Cetuximab does not increase the effects of docetaxel on apoptosis in NSCLC xenografts. Staining of H1975 tumor sections treated with cetuximab and docetaxel showed degenerative tumor cells with shrunken and dissociated nuclei (see Fig. 5A). Such pyknotic nuclei contain condensed chromatin characteristic of programmed cell death. We asked whether the combination of cetuximab and docetaxel was more potent to induce apoptosis than monotherapy alone. Immunohistochemical staining of tumor sections with an ApopTag apoptosis kit revealed a low incidence of cells with fragmented DNA in saline-treated H1975 xenografts. Morphometric measurement of the percentage of cells positive for ApopTag showed that cetuximab at 10 mg/kg produced a 2.2-fold increase in apoptosis after 3 days of treatment, whereas 30 mg/kg docetaxel increased cell death by 3.4-fold (Fig. 6A and B). The combination of cetuximab and docetaxel was only slightly more potent than docetaxel without reaching statistical significance (Fig. 6A). This indicated that induction of apoptosis in xenograft tumors treated with the combination is mediated by the chemotherapy without any additional benefits from cetuximab.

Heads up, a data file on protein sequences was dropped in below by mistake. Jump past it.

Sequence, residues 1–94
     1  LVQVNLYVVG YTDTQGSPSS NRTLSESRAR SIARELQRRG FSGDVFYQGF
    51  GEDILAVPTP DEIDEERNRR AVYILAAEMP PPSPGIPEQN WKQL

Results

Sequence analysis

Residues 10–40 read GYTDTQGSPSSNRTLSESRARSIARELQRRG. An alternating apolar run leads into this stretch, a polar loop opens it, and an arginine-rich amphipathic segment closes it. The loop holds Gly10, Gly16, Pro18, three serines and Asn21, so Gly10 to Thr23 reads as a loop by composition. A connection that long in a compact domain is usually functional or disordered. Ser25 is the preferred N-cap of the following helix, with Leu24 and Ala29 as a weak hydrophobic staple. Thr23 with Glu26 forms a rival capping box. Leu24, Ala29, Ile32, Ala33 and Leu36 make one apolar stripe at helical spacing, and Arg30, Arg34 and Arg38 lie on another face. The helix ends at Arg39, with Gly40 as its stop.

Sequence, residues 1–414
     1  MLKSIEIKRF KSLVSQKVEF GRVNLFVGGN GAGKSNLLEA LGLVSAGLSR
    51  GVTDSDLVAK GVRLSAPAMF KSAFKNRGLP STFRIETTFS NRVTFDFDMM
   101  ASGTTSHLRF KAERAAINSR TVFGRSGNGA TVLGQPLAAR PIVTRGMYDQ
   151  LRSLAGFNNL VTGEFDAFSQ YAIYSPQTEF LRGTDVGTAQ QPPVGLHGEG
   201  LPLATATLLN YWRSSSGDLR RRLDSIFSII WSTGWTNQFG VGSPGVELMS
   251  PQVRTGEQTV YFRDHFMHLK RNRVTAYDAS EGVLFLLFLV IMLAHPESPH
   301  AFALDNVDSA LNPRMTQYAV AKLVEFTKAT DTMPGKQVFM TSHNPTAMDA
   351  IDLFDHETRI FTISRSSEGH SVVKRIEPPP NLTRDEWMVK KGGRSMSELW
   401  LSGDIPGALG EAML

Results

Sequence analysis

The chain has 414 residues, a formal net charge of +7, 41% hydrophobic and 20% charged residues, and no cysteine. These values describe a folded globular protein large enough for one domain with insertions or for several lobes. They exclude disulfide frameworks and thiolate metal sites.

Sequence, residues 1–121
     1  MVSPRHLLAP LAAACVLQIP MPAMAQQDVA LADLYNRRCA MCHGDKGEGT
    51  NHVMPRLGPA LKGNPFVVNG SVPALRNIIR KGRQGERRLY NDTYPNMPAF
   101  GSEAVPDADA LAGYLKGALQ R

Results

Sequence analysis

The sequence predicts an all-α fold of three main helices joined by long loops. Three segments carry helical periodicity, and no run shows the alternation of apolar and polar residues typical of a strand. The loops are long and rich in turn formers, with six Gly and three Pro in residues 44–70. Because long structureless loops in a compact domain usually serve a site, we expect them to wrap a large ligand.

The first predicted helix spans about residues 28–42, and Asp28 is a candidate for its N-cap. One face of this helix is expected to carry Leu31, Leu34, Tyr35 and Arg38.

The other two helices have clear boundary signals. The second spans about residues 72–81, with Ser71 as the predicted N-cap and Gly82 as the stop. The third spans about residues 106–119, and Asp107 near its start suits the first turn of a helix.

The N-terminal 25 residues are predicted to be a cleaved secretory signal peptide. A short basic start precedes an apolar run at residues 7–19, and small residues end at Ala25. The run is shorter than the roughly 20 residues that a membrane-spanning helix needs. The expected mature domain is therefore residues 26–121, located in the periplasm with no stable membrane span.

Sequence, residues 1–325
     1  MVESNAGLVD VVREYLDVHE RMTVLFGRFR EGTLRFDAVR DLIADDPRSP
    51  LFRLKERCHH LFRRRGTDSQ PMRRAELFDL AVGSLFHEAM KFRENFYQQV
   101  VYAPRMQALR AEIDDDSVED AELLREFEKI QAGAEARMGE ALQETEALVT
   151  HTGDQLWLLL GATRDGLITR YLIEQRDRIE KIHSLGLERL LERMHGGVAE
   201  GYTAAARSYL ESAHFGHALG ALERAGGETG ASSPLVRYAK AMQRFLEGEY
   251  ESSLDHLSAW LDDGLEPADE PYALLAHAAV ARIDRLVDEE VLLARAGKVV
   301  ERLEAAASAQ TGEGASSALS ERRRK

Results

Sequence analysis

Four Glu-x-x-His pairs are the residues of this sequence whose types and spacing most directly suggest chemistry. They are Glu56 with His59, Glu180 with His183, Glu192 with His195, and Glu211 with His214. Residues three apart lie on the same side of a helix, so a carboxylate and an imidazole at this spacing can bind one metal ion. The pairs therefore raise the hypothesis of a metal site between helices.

Fig. 6.

Induction of apoptosis markers with cetuximab and docetaxel in NCI-H1975 xenografts. A, s.c. tumors were established with NCI-H1975 cells in nude mice and treated with saline, cetuximab (10 mg/kg, i.p.), docetaxel (30 mg/kg, i.p.), or combination. After 3 d, tumors were embedded in paraffin for immunohistochemical staining of fragmented DNA (ApopTag). Morphometric measurement of the percentage of cells with colored reaction product (ApopTag) in the tumor periphery in 100 randomly selected tumor cells per section using five sections per tumor. Columns, average percentage of ApopTag-positive cells using six tumors per treatment group; bars, SEM. ***, P < 0.001 (versus saline; 1, versus cetuximab). B, representative sections stained for ApopTag used for quantitative analysis. Magnification, ×400. Size bar, 50 μm. C, same analysis as in (A) with immunohistochemical staining of cleaved (activated) caspase-3. **, P = 0.01 to 0.001 (versus saline); ***, P < 0.001 (versus saline); *, P = 0.05 to 0.01 (versus cetuximab). D, representative sections stained for cleaved caspase-3 used for quantitative analysis. Magnification, ×400. Size bar, 50 μm. E, same as in (A), measuring cleaved (activated) caspase-3 by ELISA. Columns, average absorbance units (450 nm) using five or six tumors per treatment group; bars, SEM. **, P = 0.01 to 0.001 (versus saline); *, P = 0.05 to 0.01 (versus cetuximab).